I became reclusive with those that I loved. I was ashamed of myself. I was convinced that I was a bad person, and, in my darkest moments, thought about ending it all so I could make these horrible thoughts stop. I felt as if my brain had turned on me and everything I longed for in life, that the vision I had of myself as a mother and a wife was quickly dissipating and I couldn’t do a single thing about it.
I was too embarrassed to tell anyone, even my husband or my mother. I feared that they would look at me like the monster I thought I had become, so I stayed silent. I also wanted to “be strong” and I thought that if I asked for help, I would be viewed as weak. So I stayed silent.

About 3 weeks after Mila was born I took her for her check-up and the nurse suggested I see a psychiatrist. At first , when she suggested it I just started crying hysterically, I didn’t have a problem, I wasn’t sick, I was just tired. My husband and family encouraged me to take the appointment.
I was put on anti-anxiety medication and anti depressants and
thankfully after many months of recovery, I am doing so much better. I have learned that those thoughts are not me. I have learned to not give them as much weight and notice the more I speak out about my experience, the more I hear “oh me too.”
I found out that nearly 57% of women who are experiencing postpartum depression also experience obsessive thoughts (source). I guess I haven’t been alone this whole time.
Not once did a professional ask me to my face how I was doing or normalize for me what postpartum is really like for many women. I didn’t know you could suffer from antinatal depression either.

I finish off by pleading with you now, to promise to not be silent like I was. We have to continue to talk, to share, to relate to one another so that we can blur and blend our experiences as human beings, so we don’t let one more new mother feel alone.

9 thoughts on “My struggle with postpartum depression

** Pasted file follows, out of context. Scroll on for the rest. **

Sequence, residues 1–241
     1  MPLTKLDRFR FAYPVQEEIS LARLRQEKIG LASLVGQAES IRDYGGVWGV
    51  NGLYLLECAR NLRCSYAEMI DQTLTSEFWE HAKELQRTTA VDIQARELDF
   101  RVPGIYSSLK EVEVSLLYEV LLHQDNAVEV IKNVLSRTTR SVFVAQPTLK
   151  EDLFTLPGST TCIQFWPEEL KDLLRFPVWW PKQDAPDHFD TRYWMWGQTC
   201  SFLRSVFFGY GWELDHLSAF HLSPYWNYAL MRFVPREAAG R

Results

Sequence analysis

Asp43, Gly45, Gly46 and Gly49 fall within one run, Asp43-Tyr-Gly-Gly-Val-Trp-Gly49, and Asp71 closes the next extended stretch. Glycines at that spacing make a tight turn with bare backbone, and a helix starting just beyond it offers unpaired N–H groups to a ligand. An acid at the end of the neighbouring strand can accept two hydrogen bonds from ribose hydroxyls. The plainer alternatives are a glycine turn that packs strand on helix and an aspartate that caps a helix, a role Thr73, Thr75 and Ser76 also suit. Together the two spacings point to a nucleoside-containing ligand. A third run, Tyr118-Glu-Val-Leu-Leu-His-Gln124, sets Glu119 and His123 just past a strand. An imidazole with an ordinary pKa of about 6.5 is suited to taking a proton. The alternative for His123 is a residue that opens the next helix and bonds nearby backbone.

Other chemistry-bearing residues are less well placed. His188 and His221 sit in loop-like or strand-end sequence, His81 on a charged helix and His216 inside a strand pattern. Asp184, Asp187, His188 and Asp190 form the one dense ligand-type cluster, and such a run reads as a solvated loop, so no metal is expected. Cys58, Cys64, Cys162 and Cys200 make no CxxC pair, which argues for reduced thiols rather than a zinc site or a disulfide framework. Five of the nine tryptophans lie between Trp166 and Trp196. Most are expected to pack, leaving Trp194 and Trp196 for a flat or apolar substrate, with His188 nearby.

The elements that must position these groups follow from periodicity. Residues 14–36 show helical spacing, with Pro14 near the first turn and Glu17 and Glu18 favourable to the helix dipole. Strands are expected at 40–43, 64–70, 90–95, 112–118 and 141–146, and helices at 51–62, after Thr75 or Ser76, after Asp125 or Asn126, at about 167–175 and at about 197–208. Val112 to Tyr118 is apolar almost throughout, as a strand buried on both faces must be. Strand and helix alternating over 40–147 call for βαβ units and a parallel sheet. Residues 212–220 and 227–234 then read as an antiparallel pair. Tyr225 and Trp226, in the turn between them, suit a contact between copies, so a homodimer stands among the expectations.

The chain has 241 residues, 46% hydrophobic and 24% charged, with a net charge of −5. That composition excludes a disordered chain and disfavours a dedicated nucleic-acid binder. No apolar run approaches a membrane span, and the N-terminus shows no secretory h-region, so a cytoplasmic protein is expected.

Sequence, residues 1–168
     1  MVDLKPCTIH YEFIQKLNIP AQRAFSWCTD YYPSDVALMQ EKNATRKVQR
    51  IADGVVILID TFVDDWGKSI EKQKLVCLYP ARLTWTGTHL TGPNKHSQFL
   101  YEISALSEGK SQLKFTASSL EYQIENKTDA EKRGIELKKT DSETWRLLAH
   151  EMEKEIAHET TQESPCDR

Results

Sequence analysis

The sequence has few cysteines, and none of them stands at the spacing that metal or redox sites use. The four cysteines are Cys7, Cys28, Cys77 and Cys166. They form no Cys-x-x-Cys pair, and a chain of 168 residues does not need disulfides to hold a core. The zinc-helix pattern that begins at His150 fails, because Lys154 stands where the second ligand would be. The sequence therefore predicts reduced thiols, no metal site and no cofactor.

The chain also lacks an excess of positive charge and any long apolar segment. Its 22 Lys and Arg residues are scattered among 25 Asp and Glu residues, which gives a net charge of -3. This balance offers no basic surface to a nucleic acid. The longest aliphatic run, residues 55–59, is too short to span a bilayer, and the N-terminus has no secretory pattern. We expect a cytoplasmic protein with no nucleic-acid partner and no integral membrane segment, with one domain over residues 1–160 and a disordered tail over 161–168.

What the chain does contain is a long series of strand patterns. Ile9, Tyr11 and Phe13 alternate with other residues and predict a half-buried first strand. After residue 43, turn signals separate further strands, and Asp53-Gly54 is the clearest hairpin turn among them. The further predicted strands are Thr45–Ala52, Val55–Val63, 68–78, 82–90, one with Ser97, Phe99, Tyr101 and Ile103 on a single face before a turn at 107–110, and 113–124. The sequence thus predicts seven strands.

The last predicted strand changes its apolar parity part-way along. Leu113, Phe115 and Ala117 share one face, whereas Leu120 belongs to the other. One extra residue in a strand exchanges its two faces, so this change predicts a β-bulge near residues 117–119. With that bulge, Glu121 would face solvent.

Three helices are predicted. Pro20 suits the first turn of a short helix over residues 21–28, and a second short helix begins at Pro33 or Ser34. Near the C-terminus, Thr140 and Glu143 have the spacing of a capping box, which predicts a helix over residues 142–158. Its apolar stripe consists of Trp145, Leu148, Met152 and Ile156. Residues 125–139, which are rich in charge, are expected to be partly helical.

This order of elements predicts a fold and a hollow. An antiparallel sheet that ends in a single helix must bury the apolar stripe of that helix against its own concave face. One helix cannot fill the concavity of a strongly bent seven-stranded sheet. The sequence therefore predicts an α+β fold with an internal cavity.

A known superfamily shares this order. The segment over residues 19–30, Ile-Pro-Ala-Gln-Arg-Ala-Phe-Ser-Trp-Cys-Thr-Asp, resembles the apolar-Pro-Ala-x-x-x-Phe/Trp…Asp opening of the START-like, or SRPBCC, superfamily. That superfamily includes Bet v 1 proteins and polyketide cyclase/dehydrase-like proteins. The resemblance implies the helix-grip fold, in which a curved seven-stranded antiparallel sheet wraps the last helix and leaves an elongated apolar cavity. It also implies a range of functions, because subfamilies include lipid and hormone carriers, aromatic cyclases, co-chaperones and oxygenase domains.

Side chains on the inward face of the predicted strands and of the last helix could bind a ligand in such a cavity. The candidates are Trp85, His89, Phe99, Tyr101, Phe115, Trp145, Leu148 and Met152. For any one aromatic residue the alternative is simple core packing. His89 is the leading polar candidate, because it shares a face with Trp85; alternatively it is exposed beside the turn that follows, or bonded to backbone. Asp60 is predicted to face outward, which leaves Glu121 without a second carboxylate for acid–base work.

1. You are so brave writing this! I know how you feel. I had postpartum depression after my first child. Not exactly the same as yours, but I can empathize with a lot of what you talk about. I’m sure you are a great mother! And it’s great that you are sharing this so other moms will not feel alone. Thank you!

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  2. Postpartum depression is scary and very very real. Seeking help is actually a strong thing to do.
    Thanks for sharing because this could definitely help other moms to feel they are not alone.

    PS: I recommend you to read or get in touch with Mum on the Run 🙂 She’s another mommy blogger who suffered post partum depression

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    1. Thank you Cheralle, yes it’s so important that these moms know that they are not alone and that you don’t have to face all of this alone.

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  3. First 💚💙💜 to you.
    So many women go past the depression and enter psychosis (which is a medical emergency) because they don’t seek help or no one pays enough attention to help them. I’m happy to hear that you know now those thoughts were NOT you and that you are an amazing mama. I’m so glad your care provider spoke up and that you got help. The mental hell you were living in must have been so awful and terrifying. 💜 Bringing awareness to this part of ppd is so important. Thank you for sharing your experiences here. It must have taken a lot of bravery to do so. I hope talking about helps you heal even more.